Historic day for New Zealand’s main road


The NZ Transport Agency today completed sealing the final stretch of State Highway 1 near Cape Reinga in Northland, and for the first time motorists can now drive the entire 2,022 kilometres of SH1 from the Cape to Bluff in Southland on a sealed road.

The final 100 metres of the highway was sealed near the community of Waitiki Landing. 

NZTA Regional Director for Auckland and Northland Wayne McDonald said the completion of sealing marked a significant milestone in the development of Northland and New Zealand’s roading infrastructure, “State Highway One is in many ways the backbone of the country, playing an increasingly important role in the lives of New Zealanders and visitors to our country,” Mr McDonald said.  

Mr McDonald said that nationally, completing the seal boosted tourism with an easier drive to Cape Reinga, and locally it would provide safer journeys and reduce isolation for residents who relied on the road to access larger centres.

Mr McDonald said upgrading the final 19 kilometres of SH1 to Cape Reinga would also boost the region’s economic development and improve safety.

New Zealand’s state highway system for main roads was introduced 57 years ago in 1953. State Highway 1 originally went no further north than Waitiki Landing. The 19 kilometres to Cape Reinga was taken over as an unsealed state highway in 2004 by the NZTA’s predecessor, Transit New Zealand.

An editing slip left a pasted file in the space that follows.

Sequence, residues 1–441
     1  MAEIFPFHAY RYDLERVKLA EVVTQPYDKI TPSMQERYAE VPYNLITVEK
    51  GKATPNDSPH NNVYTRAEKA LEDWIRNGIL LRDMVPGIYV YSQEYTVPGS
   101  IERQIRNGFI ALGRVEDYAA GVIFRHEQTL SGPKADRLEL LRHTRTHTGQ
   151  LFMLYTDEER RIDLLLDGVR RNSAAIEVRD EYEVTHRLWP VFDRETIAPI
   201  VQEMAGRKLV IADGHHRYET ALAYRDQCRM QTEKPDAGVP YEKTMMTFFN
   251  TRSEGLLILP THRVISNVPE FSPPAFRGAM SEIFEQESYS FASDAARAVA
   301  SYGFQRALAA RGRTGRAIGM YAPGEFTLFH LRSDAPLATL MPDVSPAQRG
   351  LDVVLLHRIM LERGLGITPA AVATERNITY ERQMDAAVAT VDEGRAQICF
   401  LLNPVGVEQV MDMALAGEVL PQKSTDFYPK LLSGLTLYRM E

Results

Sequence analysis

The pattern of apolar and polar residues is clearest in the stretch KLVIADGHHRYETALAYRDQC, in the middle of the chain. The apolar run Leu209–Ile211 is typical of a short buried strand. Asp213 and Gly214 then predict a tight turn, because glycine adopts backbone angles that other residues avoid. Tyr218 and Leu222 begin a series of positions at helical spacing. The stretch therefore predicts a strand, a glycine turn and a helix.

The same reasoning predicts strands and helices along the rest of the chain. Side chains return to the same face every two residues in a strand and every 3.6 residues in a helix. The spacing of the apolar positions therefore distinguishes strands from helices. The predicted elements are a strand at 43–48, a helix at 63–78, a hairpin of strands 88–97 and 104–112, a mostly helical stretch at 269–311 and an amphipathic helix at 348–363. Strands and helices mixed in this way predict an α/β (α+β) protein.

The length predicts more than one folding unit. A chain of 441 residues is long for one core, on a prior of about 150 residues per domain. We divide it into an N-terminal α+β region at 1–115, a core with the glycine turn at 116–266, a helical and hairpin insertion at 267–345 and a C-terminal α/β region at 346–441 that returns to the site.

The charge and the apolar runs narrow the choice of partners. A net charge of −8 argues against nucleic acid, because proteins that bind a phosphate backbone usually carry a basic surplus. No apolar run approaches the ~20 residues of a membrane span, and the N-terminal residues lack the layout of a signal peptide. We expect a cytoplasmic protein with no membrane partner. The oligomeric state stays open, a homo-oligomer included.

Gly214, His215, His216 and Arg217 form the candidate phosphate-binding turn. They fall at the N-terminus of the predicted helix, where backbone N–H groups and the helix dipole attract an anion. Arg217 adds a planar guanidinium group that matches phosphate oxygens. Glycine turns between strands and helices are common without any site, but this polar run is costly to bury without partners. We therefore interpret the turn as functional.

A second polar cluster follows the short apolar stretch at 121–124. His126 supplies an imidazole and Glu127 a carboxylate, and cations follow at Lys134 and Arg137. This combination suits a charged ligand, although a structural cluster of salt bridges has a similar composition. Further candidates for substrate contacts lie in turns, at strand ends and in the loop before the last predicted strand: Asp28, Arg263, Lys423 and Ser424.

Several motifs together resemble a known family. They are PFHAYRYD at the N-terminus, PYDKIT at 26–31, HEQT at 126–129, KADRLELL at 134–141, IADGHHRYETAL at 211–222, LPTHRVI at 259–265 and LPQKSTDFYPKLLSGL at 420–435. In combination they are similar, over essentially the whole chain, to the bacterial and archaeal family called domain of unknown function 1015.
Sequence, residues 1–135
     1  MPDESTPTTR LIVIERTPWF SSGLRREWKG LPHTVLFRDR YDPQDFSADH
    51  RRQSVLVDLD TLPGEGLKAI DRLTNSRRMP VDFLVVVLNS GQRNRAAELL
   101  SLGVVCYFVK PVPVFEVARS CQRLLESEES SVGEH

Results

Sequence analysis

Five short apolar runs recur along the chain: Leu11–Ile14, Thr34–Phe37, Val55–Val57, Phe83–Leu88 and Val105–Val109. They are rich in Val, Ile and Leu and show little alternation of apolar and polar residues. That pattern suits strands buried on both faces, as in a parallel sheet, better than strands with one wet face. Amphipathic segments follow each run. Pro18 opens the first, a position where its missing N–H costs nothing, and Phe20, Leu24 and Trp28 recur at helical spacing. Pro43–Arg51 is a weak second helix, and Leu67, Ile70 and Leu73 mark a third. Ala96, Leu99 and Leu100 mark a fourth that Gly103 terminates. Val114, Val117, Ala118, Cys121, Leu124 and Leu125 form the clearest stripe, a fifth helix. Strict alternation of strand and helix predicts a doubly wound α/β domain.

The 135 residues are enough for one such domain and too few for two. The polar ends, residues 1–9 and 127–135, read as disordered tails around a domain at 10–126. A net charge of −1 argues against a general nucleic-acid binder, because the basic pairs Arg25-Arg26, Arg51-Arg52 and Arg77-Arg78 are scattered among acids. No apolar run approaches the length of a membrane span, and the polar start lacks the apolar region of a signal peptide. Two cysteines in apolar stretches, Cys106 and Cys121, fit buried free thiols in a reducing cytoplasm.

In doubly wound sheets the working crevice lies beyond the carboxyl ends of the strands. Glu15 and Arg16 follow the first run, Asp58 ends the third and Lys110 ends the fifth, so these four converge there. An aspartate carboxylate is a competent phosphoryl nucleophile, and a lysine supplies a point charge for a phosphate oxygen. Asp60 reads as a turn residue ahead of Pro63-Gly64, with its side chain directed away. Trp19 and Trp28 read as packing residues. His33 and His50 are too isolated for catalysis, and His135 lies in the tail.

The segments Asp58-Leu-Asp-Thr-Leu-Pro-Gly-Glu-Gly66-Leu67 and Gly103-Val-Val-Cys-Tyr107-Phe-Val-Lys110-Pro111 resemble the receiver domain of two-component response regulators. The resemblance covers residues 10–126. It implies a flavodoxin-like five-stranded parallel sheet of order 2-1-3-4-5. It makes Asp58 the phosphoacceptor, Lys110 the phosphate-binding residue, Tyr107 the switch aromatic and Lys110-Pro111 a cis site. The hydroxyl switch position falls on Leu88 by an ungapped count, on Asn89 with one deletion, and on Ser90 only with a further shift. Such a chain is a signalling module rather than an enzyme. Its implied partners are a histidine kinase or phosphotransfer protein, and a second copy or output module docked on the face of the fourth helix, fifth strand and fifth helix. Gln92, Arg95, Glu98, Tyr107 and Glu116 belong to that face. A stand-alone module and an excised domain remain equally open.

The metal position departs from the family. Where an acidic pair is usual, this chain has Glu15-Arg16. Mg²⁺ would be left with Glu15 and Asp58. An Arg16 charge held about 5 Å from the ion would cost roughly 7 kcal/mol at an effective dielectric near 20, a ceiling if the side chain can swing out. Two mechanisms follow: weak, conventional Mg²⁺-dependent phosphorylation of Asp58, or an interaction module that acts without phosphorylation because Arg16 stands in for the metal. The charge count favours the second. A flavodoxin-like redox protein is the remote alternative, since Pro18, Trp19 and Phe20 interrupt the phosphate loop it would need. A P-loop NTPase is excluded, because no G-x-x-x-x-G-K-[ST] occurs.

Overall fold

Work began in September 2007, on a $19M project to improve the highway between Waitiki Landing and Cape Reinga. The narrow and unsealed road with its sharp curves was unsuitable for the increasing volumes of traffic going to the Cape and Ninety Mile Beach.

“The clouds of dust that used to plague drivers heading for the Cape are now a thing of the past,” Mr McDonald said. “The drive will be a lot more enjoyable and safer, with clearer visibility for motorists, cyclists and pedestrians who are also sharing the road.”    

Mr McDonald acknowledged the support for the project from local Maori – Ngati Kuri and Te Aupouri – and the Department of Conservation.  A plant nursery run by iwi is growing more than 300,000 native seedlings from plants unique to the Cape Reinga region that are being planted beside the road. DOC has also improved visitor facilities at the Cape.

“A very successful team effort has brought a first class highway to this important part of New Zealand,” Mr McDonald said.  

Although sealing is complete, there are still several months of work associated with the improvements to be done before the project is completed.  
To request images of the sealing please call 09 307 3937.